and interpretable, so, strangely, it is round-about again
to the dissolution of the body.
Greg Goode has offered up one myth of dissolution of the
body - that the body is a collection of sensations.
Here is another myth of dissolution - the body is more
space than matter. To see this, one might immerse oneself
in the study of anatomy and physiology, moving, as one
does in yoga and meditation, from gross to subtle elements.
Skin, fat and fascia, muscle, bone, nerves,
veins and arteries, glands, cells... and so forth, through
molecules and atoms, subatomic particles, until finally,
it is revealed that within the tiniest elements that
compose everything within a body, there is only the tiniest
ratio of matter to space... if even that.
So, again, there is center then 'no-center'. Site, and then
Dona Holleman has an interesting take on embodiment,
and the dynamic of body/no-body:
"To be totally attentive to the body means that you are
interested in the body and in the movement. 'Interest' in
Latin, as we said before, means 'to be inside'. It is the
moment of being inter-ested, being 'inside' the movement
or the posture as the posture unfolds that makes it complete.
There is no future reward and no retreating involved, but it
is only the moment as it is there. So the body is completely
filled with the mind. The mind fills the body completely
from the bone structure to the skin structure, while as long
as there is a future reward the mind is very small within the
skin and so there is a lot of empty space in the body."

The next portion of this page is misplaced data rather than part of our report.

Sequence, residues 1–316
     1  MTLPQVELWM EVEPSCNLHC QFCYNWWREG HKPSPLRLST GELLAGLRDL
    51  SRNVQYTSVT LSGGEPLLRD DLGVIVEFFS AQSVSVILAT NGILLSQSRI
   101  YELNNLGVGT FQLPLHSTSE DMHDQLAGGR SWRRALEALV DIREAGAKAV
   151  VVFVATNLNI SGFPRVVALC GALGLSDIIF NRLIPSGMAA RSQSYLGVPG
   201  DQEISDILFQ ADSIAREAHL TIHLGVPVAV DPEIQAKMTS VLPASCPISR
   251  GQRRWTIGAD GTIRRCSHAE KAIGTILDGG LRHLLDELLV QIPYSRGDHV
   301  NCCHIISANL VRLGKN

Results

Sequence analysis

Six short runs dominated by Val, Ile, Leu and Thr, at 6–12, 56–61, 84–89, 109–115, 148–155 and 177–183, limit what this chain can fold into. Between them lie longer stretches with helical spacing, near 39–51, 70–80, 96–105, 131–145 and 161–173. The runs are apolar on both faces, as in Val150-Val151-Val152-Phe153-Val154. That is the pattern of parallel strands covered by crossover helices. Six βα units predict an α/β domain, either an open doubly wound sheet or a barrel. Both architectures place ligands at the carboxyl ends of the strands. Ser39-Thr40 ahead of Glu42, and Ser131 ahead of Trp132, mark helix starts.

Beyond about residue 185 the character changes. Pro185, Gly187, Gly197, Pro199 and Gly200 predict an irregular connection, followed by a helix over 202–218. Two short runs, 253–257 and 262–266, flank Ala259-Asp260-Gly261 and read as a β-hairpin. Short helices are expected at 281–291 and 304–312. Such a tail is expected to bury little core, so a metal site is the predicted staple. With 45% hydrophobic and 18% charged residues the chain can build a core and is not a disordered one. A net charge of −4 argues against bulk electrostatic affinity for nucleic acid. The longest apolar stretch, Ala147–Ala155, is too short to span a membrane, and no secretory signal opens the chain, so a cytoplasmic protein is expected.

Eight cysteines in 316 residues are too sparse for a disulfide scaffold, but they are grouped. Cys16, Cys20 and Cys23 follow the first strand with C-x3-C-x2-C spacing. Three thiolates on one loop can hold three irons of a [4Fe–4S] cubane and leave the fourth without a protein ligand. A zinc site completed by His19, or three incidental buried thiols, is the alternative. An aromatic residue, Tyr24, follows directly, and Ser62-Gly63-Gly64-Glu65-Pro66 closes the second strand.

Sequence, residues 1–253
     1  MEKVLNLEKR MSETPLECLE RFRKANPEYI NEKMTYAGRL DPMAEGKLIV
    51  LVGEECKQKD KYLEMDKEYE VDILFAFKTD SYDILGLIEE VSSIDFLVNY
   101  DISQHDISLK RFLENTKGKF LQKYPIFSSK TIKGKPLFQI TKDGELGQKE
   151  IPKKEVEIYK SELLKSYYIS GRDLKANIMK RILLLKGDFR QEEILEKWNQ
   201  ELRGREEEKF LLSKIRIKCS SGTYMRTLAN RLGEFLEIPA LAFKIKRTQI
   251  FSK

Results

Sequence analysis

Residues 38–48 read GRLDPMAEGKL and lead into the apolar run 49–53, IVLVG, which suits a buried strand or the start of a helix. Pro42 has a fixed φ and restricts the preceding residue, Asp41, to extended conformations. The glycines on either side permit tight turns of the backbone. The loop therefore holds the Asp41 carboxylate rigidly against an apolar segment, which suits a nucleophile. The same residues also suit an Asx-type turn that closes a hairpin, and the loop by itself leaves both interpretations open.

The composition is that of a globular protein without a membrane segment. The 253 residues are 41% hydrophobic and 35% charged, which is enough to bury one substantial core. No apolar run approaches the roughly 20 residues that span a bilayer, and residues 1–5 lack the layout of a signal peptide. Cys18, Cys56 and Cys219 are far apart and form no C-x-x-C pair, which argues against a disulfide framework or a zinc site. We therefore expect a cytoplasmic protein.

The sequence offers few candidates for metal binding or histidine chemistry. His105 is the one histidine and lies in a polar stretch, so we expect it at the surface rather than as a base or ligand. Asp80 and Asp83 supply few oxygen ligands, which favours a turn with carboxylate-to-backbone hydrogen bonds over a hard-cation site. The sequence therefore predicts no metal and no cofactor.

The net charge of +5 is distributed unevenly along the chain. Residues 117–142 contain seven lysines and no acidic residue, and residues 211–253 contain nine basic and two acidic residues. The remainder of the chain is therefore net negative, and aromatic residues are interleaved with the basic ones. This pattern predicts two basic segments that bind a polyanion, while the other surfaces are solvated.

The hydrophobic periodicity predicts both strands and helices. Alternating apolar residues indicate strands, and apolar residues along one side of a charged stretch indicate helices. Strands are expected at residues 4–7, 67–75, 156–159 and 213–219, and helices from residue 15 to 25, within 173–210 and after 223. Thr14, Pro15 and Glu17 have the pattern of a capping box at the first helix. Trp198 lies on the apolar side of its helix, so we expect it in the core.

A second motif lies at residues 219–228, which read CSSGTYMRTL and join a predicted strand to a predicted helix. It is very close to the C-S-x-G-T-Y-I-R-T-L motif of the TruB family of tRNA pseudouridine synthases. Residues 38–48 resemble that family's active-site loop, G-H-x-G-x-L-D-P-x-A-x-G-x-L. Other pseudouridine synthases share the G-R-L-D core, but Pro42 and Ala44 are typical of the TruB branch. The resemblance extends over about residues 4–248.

Of course, Dona Holleman has also described her way of living
life earnestly, but as if she were giggling behind her hand at
Very nice ramblings, everyone, thank you for playing along...
- --- In firstname.lastname@example.org, Gregory Goode
> At 11:54 AM 1/31/2004 +0000, Nina wrote:separation once it is first found. If it is well-identified and well-
> >Hello, Greg, Jason, Michael L. and all,
> >This weekend, I am taking a workshop with Lisa Clark, who
> >teaches Body Mind Centering. I'm enjoying getting her perspective
> >on the things we are discussing.
> >In yogasana, one learns that one must go down to go up. Lisa
> >Clark is particularly adept at explaining how one meets the
> >earth, engaging it, by "yielding" (language in quotes is from
> >the BMC vocabulary). This is a sattvic state, the balance within
> >contact. When one 'befriends' gravity and does not attempt to
> >"prop" (rajasic resistance) against gravity or "collapse"
> >(tamasic release) into gravity, then there may be felt a
> >rebound of energy upwards through the body.
> This is true! It's a way of allowing resistance to dissolve.
> In nondual meditation, it is easier to lose your sense of
integrated, it's easier to get a handle on. Which is why therapy is
often very helpful. That's like when I was in the Army in the 70s.
About guys who weren't doing well, the drill sergeants said, "He
don't have his shit together." About other guys who were doing a bit
better, they said "He's got his shit together in one bag, but he just
can't find the bag."
Recently, I heard someone claim that one must learn the rules
first before one breaks them. I tend to think this is a little
one-dimensional, as we tend to me 'made up' of the tension
between rules and breaking them. It isn't that someone spends
the first ten years of their life learning and following the
rules and then busts out from there on out breaking all the rules.
Rather, the rules and the rule-breaking get written together,
at the same time. Further, rule-breaking may be seen to be
Could be, also, that those who aren't well-integrated have
taken a shortcut to a minimizing sense of separation.